Prostitution: The Ultimate Victimless Crime
Following the news that Eliot Spitzer allegedly hired the services of a prostitute, I found these comments from a 2007 Reason Magazine article by Cathy Young to be very interesting. From "Prostitutes and Politics: Why Is It Still Illegal to Pay for Sex?"
Prostitution is currently legal in virtually all developed nations, though often surrounded by restrictions and regulations. It is illegal everywhere in the United States except Nevada and, by a legal quirk, in Rhode Island if all transactions are conducted in a private residence.
Yet prostitution is perhaps the ultimate victimless crime: a consensual transaction in which both parties are supposedly committing a crime, and the person most likely to be charged—the one selling sex—is also the one most likely to be viewed as the victim. (A bizarre inversion of this situation occurs in Sweden, where, as a result of feminist pressure to treat prostitutes as victims, it is now a crime to pay for sex but not to offer it for sale.) It is sometimes claimed that the true victims of prostitution are the johns' wives. But surely women whose husbands are involved in noncommercial—and sometimes quite expensive—extramarital affairs are no less victimized.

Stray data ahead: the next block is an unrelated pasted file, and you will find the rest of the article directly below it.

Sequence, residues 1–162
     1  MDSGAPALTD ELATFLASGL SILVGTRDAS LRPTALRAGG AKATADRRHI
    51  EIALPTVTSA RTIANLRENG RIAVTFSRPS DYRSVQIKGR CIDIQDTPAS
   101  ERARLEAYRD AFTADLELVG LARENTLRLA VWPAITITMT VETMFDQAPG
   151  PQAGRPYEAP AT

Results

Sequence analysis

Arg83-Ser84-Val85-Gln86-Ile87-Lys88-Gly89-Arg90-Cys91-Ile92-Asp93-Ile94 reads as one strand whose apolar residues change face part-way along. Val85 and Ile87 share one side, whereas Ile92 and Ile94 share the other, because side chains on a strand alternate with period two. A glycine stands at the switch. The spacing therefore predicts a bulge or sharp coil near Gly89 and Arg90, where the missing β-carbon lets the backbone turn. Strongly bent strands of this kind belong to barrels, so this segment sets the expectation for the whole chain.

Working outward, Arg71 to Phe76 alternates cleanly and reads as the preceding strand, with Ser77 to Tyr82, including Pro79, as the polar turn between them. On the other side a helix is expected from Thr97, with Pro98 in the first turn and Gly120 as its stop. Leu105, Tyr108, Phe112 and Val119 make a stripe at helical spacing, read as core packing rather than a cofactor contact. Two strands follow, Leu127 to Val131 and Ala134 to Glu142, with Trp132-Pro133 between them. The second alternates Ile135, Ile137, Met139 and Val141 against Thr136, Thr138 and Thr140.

It's the criminalization of prostitution that does take actual victims. As with other victimless crimes, the criminalization of prostitution creates a vast breeding ground for corruption, hypocrisy, and morally dubious law enforcement tactics.